Data Analysis With Smartphone Video

Reviewed by Katharine M. Schmitt

This month, we are asking you to think about data-driven decisions.

Data gives us the hard facts, the real deal, the black and white of the situation. Data driven ideas are smart for business because they take the emotion out of the equation. With the facts in front of you, or more importantly in front of your patients, you can then help them to understand, in black and white, why we do what we do.

When looking for a way to convince your patients of the care they need, or the progress they have made, turn to technology to reveal, with factual data, where they are, what progress they have made, and where they will end up.

Collecting Data With Your Smartphone

In 2014, we ran an article, “Video Analysis” by Hoke, Altman, Volkringer and Johnson.1 These physical therapists came together to break down ACL risk evaluation, throwing analysis, gait observations and golf swings. The team of four did an amazing job, and for the tech on your team, this is a great article to review. However, while this team talked about technology then, technology has come a long way in four years, and is even easier today.

Perhaps you are not an expert at Dartfish or do not have a camcorder and motion sensors in your office, this is okay. Chances are good that your patient will have a smartphone on them. Using their phone, so as not to break any HIPAA protocol, you can collect physical therapy related data on what is not working correctly today, review and compare video during the time of progress notes and review again and compare at discharge. No longer do you need to spend time explaining knee valgus to a basketball player landing a jump or a UPS driver that continually hops our of her truck, they can see it in real time.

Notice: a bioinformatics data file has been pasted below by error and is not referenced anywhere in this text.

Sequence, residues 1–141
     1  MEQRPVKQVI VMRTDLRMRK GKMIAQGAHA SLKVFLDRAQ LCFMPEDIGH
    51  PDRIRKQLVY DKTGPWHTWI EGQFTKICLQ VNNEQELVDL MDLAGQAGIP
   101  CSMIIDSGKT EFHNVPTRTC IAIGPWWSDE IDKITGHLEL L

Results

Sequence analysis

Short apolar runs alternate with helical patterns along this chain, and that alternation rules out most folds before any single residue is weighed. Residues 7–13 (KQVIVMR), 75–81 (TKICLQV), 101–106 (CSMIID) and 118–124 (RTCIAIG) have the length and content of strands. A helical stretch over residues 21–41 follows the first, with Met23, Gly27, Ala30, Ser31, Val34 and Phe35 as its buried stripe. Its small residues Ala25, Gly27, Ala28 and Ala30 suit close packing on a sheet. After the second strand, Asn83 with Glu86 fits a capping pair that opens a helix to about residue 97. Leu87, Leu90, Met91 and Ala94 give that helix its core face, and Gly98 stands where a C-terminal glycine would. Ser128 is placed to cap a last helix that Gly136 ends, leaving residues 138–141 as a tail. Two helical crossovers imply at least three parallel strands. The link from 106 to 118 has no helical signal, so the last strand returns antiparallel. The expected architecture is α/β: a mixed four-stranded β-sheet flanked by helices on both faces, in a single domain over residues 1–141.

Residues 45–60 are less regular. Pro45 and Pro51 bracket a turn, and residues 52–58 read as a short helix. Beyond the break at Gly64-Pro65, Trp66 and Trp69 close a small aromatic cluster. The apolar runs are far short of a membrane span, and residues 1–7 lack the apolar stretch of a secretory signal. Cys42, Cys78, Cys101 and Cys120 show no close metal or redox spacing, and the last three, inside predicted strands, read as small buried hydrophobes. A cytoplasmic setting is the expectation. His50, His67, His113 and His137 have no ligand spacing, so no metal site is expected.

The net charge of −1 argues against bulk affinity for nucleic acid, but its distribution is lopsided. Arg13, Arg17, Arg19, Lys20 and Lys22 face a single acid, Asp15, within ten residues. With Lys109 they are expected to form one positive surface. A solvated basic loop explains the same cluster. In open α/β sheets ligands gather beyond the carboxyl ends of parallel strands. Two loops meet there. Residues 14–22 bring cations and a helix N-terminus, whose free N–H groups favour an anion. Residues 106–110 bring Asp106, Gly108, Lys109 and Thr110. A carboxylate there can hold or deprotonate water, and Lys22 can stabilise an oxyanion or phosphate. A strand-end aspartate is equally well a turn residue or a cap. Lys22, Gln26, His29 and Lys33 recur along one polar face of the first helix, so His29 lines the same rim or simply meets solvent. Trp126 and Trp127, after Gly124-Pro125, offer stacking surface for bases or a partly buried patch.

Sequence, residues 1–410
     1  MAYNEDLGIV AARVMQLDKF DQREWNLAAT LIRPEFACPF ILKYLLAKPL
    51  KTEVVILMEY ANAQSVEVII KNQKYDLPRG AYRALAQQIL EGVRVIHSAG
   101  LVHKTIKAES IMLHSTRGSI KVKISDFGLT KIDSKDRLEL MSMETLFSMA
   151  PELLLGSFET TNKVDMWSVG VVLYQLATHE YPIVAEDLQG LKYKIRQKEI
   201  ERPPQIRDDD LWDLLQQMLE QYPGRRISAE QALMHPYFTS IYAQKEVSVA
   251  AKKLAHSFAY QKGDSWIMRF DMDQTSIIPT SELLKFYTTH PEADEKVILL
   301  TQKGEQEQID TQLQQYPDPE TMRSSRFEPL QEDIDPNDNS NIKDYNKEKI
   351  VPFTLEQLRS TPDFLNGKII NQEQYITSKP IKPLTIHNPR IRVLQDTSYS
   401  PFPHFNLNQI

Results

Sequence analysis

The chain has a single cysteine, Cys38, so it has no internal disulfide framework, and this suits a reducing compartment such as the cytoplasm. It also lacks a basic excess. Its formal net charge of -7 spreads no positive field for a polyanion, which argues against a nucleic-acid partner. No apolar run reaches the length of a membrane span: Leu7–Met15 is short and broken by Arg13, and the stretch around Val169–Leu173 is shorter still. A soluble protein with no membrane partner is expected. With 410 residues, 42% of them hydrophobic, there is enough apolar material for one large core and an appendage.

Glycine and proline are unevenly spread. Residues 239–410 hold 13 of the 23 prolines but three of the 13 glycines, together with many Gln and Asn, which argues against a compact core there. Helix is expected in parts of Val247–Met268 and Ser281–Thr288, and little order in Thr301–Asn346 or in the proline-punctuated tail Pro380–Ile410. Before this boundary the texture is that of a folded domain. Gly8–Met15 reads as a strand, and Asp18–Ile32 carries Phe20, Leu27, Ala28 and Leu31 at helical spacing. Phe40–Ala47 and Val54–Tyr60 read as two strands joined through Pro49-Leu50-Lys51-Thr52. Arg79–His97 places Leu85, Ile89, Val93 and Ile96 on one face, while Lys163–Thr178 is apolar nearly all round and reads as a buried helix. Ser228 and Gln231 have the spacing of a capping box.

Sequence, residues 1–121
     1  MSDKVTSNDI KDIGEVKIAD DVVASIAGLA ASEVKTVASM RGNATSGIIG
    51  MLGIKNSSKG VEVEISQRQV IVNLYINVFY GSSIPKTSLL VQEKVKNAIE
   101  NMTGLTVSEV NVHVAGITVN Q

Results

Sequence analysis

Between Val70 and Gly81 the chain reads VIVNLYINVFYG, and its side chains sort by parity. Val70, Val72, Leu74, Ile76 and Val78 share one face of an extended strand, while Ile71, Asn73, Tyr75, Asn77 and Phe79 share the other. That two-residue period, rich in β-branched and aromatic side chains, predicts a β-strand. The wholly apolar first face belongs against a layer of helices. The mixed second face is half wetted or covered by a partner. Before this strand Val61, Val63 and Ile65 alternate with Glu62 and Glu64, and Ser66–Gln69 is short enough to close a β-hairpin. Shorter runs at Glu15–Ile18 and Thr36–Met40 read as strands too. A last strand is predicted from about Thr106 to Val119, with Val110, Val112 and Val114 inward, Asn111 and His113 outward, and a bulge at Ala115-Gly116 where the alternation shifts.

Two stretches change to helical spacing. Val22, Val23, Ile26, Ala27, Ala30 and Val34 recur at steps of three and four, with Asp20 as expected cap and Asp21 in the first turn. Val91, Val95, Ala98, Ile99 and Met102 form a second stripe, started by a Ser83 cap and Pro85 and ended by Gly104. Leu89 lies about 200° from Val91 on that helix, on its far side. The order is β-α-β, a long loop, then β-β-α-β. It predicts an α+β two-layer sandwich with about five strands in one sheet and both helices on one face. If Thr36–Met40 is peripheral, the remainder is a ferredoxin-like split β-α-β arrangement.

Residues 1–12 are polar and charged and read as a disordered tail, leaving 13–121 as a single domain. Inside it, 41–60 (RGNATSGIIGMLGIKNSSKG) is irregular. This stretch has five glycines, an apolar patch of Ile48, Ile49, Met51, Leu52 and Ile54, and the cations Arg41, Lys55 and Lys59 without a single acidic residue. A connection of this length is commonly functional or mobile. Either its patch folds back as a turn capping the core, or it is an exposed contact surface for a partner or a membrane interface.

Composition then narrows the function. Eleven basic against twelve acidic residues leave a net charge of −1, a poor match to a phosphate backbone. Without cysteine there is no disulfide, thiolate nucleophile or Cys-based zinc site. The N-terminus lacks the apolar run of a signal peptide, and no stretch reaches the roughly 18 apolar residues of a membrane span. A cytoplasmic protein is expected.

Data Driven iPhone Technology

The iPhone has a fantastic camera. Chances are many of your patients are very familiar with the camera function, no matter their age. When going through the initial evaluation or first visit with a patient who is having pain brought on by poor biomechanics, use their phone to give them tangible data for what is going on. Not only will they be able to see the issue in your office, but they will be able to go back and study the video using mental practice to get better faster.

Slow motion on the iPhone can be taken with the 7, 8, 8 Plus, and X. Simply open the camera app, choose “slo-mo” from the selections and record.2 A word of advice from How-To Geek is that the iPhone does not have a lot of storage and slo-mo videos take up a lot of space, so be sure to be ready to record when you start the video.

Data Driven Non-iPhone Technology

If your patient does not have an iPhone there are still ways to get slow motion physical therapy videos. Now, you may have to talk them into downloading an app but it is for their health and they can then use this fun feature to take slow motion videos of babies, dogs, cyclists and whatever other fun things they are into.

To find great apps, we looked at Geek Dashboard and compared their list with user reviews from Google Play and the Apple App Store. The top 5 slow motion apps include:3, 4, 5

  • SloPro
  • Ubersense Coach
  • Speed Pro Slow Speed Video Edit Kit
  • Slow Motion Video FX
  • ActionDirector Video Editor

The Benefits of Video Data

Whether you are looking at a dancer who is having trouble with landing a jump on a raked stage or you are working with a patient with knee pain negotiating stairs, slow motion video for physical therapy offers great data.

First, you and your patient can look from the same angle, talking about the same movements and pointing out the same moments of pain.

Second, you have a record of where the patient was when they first came in the door, which is great for when they are better in terms of proving results and increasing patient satisfaction.

Third, you have engaged the patient in a new way that shows you are really focused, like a camera lens, on them.

“Data” are the facts that you use for reasoning and analysis. Thanks to the amazing technology that every patient is walking into your office with, there is no reason to not use their phones to gather great physical therapy data. Not only will you be able to make more informed decisions, but planning for care becomes so much more clear when you, and your patient, can see exactly what is going on.


1 Accessed October 2018.

2 Accessed October 2018.

3 Accessed October 2018.

4 Accessed October 2018.

5 Accessed October 2018.

Katie Schmitt

Katharine M. Schmitt, PT, DPT, is a recent graduate physical therapist from Columbia University Medical Center. She can be reached at

Copyright © 2018, Private Practice Section of the American Physical Therapy Association. All Rights Reserved.

Are you a PPS Member?
Please sign in to access site.
Enter Site!